Prior to last night’s game against the Angels, Kevin Brown threw his normal bullpen warm-up, then took a seat in the pen for a few minutes and did it all over again. The idea was to allow Brown to work out his first inning struggles in the pen rather than the game mound. It worked.
Despite a groundball single through to right by Chone Figgins and a four-pitch walk to Vladimir Guerrero, Brown pitched a scoreless first inning. He then pitched around a one-out double by Dallas McPherson to record a scoreless second. Brown did give up two runs in the third (due in large part to Chone Figgins’ baserunning) and one in the fourth, but then settled down to retire the last eleven batters he faced.
Altogether it was not just Brown’s best outing of the year, but the sort of performance most Yankee fans would happily take from Brown every fifth day:
7 IP, 8 H, 3 R, 0 HR, 1 BB, 5 K, 63 percent strikes
The problem was that the Yankee offense essentially repeated it’s performance from the night before and the Yanks lost 3-1.
Again the Yankees, and specifically Derek Jeter, ran into an out in the first inning when Jeter was picked off first base following yet another lead-off walk (his 19th, last year Jeter reached the All-Star break with just 20 walks). Jeter getting thrown out at home on Wednesday was Luis Sojo’s fault, but getting picked off first was Jeter’s. Perhaps if he was caught stealing by the catcher you could blame Joe Torre for sending him, but getting picked off has to fall on the player’s shoulders. Speaking of unnecessary outs, Hideki Matsui, after hitting into his first double play of the year Wednesday night, added another last night.
More importantly, in 17 official at-bats with runners on base, the Yankees collected just two hits, a Gary Sheffield single in the first and a Hideki Matsui RBI double in the fifth which drove in the only Yankee run of the night (in fairness, Bubba Crosby, starting in center, and Tino Martinez both drew walks with runners on).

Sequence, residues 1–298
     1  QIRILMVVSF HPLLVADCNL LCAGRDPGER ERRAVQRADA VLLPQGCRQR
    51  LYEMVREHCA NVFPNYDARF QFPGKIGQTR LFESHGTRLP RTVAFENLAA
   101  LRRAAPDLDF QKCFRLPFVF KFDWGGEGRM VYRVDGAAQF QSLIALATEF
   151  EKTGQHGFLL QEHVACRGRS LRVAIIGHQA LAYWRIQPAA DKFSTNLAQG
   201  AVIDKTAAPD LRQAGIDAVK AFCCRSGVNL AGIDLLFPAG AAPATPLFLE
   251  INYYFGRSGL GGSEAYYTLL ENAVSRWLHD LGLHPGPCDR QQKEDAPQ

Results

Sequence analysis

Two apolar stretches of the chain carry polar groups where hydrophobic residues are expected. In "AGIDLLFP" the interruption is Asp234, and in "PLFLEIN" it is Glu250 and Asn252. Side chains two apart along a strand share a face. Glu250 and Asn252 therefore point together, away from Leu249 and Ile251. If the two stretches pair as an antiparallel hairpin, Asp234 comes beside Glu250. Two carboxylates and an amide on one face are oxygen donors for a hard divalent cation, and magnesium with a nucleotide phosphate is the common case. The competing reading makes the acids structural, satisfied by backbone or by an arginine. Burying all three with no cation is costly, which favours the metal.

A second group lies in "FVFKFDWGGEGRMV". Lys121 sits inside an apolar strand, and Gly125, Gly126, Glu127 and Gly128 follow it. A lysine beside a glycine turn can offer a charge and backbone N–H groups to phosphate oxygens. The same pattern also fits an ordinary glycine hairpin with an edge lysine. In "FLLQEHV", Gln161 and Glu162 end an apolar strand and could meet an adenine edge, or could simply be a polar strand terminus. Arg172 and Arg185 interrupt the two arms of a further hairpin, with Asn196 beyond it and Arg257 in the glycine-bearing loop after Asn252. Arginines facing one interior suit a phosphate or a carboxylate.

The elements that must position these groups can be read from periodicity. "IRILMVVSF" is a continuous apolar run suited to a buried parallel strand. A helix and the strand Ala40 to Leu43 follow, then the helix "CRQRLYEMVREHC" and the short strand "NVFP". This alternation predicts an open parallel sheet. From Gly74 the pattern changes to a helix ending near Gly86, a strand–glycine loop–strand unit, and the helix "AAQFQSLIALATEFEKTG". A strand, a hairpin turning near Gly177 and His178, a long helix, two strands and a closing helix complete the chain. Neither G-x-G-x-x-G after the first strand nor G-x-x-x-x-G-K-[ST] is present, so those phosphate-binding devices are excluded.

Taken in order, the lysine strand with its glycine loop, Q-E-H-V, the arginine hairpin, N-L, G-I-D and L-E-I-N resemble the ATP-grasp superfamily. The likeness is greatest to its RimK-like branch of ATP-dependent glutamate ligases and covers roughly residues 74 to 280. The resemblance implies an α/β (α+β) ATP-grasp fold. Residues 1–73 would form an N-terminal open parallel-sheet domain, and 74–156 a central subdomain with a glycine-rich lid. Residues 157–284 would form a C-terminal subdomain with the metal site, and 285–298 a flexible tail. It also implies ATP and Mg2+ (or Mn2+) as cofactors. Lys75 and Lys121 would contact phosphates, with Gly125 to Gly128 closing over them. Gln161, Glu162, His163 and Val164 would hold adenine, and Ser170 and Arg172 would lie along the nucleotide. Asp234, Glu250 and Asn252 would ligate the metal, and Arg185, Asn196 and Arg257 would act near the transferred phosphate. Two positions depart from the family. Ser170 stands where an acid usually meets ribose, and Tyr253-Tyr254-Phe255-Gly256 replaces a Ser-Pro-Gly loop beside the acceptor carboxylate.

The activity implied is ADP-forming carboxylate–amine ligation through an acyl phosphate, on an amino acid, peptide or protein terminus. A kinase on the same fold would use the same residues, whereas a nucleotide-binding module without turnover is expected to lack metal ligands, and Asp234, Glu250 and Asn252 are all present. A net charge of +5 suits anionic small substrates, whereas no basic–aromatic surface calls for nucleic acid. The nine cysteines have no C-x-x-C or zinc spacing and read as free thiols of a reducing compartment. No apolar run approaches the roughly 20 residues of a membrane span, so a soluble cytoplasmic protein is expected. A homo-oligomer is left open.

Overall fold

What’s going on here? Bad things, man. Part of the problem is that this line-up has yet to have more than three men clicking at once. Derek Jeter is having an incredible April, and Gary Sheffield has been contributing steadily, but as soon as Alex Rodriguez stepped up (10 for 27 over the past week), Hideki Matsui cooled off (3 for 22). With the exception of those four, the only Yankee hitter with a GPA above league average is Jason Giambi (.279, despite a sub-.400 slugging percentage and a team-leading 19 strikeouts). That means that the typical Yankee line up includes these four:
Tino: .222/.323/.370 (.238 GPA)
Womack: .284/.338/.338 (.236)
Bernie: .247/.337/.325 (.233)
Posada: .247/.321/.329 (.227)
Womack’s stats are right in line with his career (.234 GPA), but both Bernie and Tino, even at their advanced ages, should be in the .260s, while Posada has had a GPA above .300 over each of the last two seasons. In a way, that’s good news. Things should get better, while no one is so on fire that they should really be expected to cool off too much, with the possible exception of Jeter, who, except for the first month and a half of last year, is not a terribly streaky hitter.
At the same time, the fact that the Yankees are getting disappointing production from the two oldest men in their line-up (Bernie is a few months older than Sheffield) and their 33-year-old catcher is disconcerting to say the least. Never mind that Jason Giambi seems to have become a Three True Outcomes hitter who’s been a little light on the best of the three outcomes (on pace for just 22 dingers) and seems to be leaning into inside pitches (5 hit-by-pitches already, in his 2000 MVP season he had just nine) and taking called strike three in a failed attempt to work a walk at an alarming rate, apparently to hide a severe loss of bat speed.